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The 150-year-old Christmas letter by Charles Dickens is found

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Charles Dickens, who is best known for writing “A Christmas Carol” for nearly 170 years ago, is back in the spotlight after a 150-year-old letter written by the british author, was recently discovered.

The letter was addressed to the Great Western Railway company, after a new fire destroyed the turkey, news agency, SWNS reports. In the railroad’s trailer caught fire and its contents were destroyed in the area of Hanwell Station in west London.

The turkey, which weighed in at nearly 30 pounds, and SWNS added to it, it was to be served, and for Dickens’ a holiday dinner. After the discovery of the turkey is to be destroyed, Dickens wrote in a letter to his presentation, a tour manager, George Dolby, to Nov. 24, 1869, to write, in all capitals: “WHERE IS the TURKEY? THIS IS NOT THE PLACE!”

This is the recently discovered 150-year-old letter reveals how Charles Dickens’s last Christmas ever, it was spoiled when a fire destroyed his festive turkey. It looks like the “Oliver Twist” and “Hard Times” the author may not have enjoyed his last Christmas dinner after the turkey has been burnt in a train blaze. (Credit: SWNS)

CHRISTMAS SQUIRREL WILL JUMP DOWN THE CHIMNEY, AND IT WAS

GWR chief inspector, J. C, Kingett sent Dickens an apology letter to Dickens, said on Feb. 1, 1870:

“Sir, – in answer to your letter I beg to say that I have no doubt in my christmas fare was to be destroyed by a collision.

“I was in the loss, with unbroken good humour, in the direction of the Great Western Railway company. Faithfully Yours, Charles Dickens.”

Surprisingly enough, the turkey was thought to be partially saved, with the charred remains were distributed to the people of Reading, Berks., for sixpence a share.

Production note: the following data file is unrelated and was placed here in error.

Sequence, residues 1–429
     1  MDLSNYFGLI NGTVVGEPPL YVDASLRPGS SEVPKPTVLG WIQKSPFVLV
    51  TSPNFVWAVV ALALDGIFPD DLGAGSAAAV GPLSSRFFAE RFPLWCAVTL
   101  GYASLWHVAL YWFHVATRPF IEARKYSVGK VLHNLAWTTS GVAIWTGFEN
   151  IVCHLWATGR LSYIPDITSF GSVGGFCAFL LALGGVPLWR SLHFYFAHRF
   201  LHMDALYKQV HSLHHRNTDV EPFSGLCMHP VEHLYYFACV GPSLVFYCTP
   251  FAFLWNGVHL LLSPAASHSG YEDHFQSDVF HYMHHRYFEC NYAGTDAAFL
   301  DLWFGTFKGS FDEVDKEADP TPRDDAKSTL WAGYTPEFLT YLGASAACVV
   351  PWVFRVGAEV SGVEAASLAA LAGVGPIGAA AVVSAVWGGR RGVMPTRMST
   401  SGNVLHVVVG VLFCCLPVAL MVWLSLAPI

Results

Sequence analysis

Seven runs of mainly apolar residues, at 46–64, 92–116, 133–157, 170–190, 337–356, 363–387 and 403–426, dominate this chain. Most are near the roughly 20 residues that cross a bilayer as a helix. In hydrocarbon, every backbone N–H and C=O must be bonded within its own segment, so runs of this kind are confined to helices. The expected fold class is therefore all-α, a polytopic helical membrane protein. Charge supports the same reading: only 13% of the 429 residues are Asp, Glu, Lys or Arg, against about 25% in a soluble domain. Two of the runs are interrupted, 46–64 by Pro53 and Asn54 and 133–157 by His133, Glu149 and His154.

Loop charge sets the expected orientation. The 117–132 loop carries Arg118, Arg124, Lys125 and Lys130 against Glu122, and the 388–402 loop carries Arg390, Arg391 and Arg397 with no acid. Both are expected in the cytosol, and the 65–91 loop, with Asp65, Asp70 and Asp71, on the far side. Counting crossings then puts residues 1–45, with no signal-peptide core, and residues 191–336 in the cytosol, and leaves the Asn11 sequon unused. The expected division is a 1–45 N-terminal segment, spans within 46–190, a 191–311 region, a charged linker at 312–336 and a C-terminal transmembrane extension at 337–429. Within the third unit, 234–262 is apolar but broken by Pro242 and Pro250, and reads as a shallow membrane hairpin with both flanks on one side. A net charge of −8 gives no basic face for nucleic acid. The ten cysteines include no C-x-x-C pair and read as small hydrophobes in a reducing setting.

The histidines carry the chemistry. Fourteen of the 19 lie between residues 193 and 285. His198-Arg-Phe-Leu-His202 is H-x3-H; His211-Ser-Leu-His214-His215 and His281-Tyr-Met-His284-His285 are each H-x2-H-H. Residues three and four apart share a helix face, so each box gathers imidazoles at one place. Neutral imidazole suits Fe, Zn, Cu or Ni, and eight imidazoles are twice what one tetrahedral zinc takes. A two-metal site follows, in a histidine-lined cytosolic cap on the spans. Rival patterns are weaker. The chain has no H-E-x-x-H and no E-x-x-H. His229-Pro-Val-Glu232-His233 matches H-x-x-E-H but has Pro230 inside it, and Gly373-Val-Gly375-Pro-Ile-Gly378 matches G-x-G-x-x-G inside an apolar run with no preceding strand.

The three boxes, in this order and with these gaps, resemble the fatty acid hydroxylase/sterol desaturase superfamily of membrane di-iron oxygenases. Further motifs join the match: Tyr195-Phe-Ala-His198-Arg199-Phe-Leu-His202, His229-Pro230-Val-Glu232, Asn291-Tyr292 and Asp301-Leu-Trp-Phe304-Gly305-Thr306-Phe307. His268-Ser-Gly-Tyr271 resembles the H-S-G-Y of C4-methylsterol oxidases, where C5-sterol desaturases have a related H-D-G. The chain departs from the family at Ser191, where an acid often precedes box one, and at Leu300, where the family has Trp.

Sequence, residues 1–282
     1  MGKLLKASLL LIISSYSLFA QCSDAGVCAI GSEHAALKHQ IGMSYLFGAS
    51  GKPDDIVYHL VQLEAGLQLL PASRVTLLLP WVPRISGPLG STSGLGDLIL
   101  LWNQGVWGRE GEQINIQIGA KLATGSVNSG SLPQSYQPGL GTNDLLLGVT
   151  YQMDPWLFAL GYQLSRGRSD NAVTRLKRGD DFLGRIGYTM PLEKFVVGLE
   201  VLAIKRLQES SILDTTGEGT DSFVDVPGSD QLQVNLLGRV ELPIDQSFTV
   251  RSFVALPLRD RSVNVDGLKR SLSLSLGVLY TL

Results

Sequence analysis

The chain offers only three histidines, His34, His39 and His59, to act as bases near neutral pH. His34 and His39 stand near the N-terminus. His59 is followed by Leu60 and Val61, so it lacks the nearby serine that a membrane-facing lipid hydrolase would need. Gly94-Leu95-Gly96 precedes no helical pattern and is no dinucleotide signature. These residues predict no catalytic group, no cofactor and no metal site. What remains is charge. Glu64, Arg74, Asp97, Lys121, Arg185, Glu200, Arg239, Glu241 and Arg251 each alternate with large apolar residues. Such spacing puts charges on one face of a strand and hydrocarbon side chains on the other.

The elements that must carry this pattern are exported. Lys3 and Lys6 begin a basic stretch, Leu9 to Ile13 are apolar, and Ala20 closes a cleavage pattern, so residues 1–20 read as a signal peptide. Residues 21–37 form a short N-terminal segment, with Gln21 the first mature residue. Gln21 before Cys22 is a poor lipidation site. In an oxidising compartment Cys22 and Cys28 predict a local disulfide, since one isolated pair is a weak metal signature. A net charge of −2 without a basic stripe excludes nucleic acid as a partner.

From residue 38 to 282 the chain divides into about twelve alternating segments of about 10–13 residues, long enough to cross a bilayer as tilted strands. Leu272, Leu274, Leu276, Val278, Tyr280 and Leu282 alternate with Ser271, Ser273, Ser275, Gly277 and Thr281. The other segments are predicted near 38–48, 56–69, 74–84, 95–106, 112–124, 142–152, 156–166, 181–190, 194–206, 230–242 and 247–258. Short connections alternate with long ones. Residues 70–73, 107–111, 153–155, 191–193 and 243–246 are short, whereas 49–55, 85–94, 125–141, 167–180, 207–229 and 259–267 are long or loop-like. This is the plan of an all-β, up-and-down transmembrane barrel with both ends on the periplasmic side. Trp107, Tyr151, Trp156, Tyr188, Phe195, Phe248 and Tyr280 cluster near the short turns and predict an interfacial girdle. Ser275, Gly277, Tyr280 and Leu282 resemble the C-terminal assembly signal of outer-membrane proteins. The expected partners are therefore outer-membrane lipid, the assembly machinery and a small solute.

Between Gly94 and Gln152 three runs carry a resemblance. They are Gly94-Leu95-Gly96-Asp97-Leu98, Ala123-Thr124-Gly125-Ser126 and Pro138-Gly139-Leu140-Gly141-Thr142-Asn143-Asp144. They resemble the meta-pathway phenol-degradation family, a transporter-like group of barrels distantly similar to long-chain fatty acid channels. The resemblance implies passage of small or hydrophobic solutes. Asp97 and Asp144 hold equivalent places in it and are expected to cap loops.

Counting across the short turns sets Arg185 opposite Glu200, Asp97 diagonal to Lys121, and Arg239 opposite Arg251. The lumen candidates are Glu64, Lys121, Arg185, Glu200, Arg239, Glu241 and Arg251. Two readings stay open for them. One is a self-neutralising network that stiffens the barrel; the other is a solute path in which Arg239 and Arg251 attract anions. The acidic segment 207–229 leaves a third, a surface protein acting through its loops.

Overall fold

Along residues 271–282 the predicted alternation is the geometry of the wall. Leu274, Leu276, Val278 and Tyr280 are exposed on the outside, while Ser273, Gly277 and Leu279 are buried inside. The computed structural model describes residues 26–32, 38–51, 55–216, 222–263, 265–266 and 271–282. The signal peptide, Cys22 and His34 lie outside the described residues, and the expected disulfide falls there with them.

In the letter, which was delivered by Kingett is in the vicinity of Paddington station, which was eventually published in the Great Western magazine in 1908, at the age of 38, after Dickens’s death. It has recently been discovered at the National Railway Museum in York, england, while doing a routine check.

FILE – In this Dec. 5, 2012 file photo, a blue plaque can be seen from the outside Charles Dickens’ house, which is part of the Charles Dickens Museum in London, england.
(AP)

“Every now and then, we have the good fortune to discover a hidden gem in our railway archive-National Railway Museum’s curator, Ed Bartholomew said in a comment that has been acquired by SWNS. “Dickens was a famous man, who is the biggest celebrity he had Kingett], it would have to be dealt with on the property of the office.”

It is a tragedy that the “Oliver Twist”,” the author would never have another Christmas. He passed away on the 9th of June, 1870, five years to the day that he was killed in a different track, crash, 10 people have been killed and injured-40.

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